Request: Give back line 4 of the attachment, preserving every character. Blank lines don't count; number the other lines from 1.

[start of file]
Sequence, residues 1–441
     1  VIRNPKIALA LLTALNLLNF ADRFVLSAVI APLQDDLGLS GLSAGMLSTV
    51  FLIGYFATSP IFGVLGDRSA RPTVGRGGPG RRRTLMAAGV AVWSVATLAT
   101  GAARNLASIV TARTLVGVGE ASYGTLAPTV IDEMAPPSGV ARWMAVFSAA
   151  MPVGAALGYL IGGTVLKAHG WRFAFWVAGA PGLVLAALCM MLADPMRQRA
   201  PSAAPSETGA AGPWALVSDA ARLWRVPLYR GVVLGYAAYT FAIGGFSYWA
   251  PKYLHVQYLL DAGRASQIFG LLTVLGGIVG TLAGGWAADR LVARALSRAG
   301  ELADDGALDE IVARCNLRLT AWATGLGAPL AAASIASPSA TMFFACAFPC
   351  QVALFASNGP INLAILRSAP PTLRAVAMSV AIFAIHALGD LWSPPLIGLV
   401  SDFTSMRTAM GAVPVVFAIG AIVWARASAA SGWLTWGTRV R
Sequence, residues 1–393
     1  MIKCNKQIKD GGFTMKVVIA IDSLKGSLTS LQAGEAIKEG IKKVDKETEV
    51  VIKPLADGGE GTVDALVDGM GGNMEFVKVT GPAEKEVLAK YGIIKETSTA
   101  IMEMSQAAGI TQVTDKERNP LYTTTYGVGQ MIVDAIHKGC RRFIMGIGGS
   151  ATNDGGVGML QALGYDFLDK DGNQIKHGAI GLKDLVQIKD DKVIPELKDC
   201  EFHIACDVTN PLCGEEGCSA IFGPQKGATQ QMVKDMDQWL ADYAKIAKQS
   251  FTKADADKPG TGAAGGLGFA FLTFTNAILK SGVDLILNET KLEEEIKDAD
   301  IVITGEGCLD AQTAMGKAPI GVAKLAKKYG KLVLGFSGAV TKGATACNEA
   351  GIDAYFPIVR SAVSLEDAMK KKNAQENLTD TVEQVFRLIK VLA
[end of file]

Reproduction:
   101  GAARNLASIV TARTLVGVGE ASYGTLAPTV IDEMAPPSGV ARWMAVFSAA